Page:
He just wants to stay in his room and read a book. He'll go kill that dragon when he's formulated a plan. And when there aren't any onlookers to make him nervous or rain to get his novel wet.
Pesky character. Why can't they ever do what they're told?
Introverts pop up in books quite often, and quite often they are done very, very well (Bilbo, Nick Carraway, Katniss, Sherlock, Jane Eyre, Walter Mitty, Batman). But sometimes they are very inaccurate, and sometimes they are simply painful to read about.
As somebody who's made it her profession to sit alone behind a screen and talk to imaginary people, I feel that I am singularly qualified to write about how to create introverted characters. Here are several points that can help writers steer clear of writing lame introverts and move directly into the "awesome introverts" zone:
3. Introverts spend a lot of time in their heads. This means us authors get the chance to explore facial expressions, internal monologues, context, and between-the-lines dialogue when writing introverts.
4. Not all introverts like to read or play video games or garden. That's cliche. And goodness knows introverts don't like cliches, since they fall into the "shallow things" category (Suddenly you all understand why I keep writing cliche bashing articles). Some introverts like to play sports or go to coffee shops or people watch or bungee jump or listen to hard rock cranked up super loud. Your introverted character is allowed to like pretty much everything that other people like. Except for being around massive amounts of people for extended periods of time. That doesn't follow.
5. Cut the "reluctant leader" introvert. Please. Being an introvert doesn't mean that your character has to hate being the leader of a group, especially if that group is only comprised of a handful of people. In fact, some introverts may feel uncomfortable being the follower. Because they spend more time internalizing and thinking things through, they're the ones who are likely to say, "Um. NO! Splitting up is never a good idea. That's how people get eaten by spiders or attacked by people with chainsaws. Stay as a group. Don't listen to the idiot who suggested otherwise." Introverts can and do lead, so don't be afraid to put your introvert behind the wheel.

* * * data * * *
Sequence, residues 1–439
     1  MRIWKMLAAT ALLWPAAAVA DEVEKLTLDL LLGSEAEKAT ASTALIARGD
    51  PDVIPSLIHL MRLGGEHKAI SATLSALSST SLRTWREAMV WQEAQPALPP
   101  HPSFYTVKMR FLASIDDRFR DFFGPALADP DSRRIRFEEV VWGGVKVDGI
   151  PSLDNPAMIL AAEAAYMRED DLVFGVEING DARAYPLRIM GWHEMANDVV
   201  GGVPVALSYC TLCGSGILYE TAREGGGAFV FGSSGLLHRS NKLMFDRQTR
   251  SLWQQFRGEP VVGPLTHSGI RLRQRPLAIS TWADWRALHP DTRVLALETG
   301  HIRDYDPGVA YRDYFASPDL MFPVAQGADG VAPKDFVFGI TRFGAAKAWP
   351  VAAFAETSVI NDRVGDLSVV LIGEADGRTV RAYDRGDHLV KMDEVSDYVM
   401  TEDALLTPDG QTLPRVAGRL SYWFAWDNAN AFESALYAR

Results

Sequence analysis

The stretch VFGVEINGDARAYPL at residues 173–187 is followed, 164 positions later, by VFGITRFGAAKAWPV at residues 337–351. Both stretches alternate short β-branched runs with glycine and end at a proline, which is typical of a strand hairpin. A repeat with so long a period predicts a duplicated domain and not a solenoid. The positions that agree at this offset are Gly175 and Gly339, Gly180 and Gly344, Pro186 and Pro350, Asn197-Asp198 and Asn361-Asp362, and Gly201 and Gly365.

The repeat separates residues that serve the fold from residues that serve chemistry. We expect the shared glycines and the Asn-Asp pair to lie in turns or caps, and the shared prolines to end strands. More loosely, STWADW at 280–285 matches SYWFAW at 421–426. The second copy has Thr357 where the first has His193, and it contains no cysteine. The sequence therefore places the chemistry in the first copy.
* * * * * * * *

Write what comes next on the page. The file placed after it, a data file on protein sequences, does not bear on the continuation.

6. Introverts are loyal friends. So maybe an introvert only needs one or two really good friends, but you can be sure that they'll stick by these friends no matter what. They'll carry you up Mount Doom even after you accused them of pigging out on the elvish food you packed. They may be generally quiet, but you mess with an introvert's close friend and you'll find yourself running for your life while the introvert's pal yells after you, "She's our friend and she's crazy!" They'll even mascarade as extroverts while dressing up like a giant man-bat at night if they think it'll help or honor their loved ones. And, in case you're wondering, yes, your introverted character can and should have extroverts as friends.
7. Confident introverts are the best and should be in more novels. Think about it. The introvert who slays the dragon and doesn't feel awkward leaving the Dragon Slaying After Party early. The introvert who is comfortable being quiet and doesn't feel the need to explain their silence to anybody. Or the one with a great sense of humor who shows up late everywhere wearing this shirt:
Novels need more introverted characters who own their introvertedess.
8. Introvertedness is a disease that needs curing. There is something very wrong with somebody who is comfortable in their own company and doesn't crave being around large herds of humans. If you have an introverted character, that character needs to be fixed by the end of the novel. Have him meet a manic pixie dream girl who shows him how to live life to the extroverted version of fullest. Make her take off her glasses and go to a party. Introverts are not as valuable as extroverts and thus must be converted. Introverts are a public menace, undesirable No. 1, America's most wanted. There are only two ways to handle a fictional introvert: fix them or kill them off.
And there you have it. 7 tips to keep in mind when you are writing introverts. Also, remember that this pointer trumps all of the above:
Make your character a person first. Then an introvert.
Character building 101. Applies to the creation of every kind of fictional being.
What do you think? Do you have any tips or comments to share? I'd love to hear from you via comment or social media. Not through a phone call. That freaks me out. Please don't.
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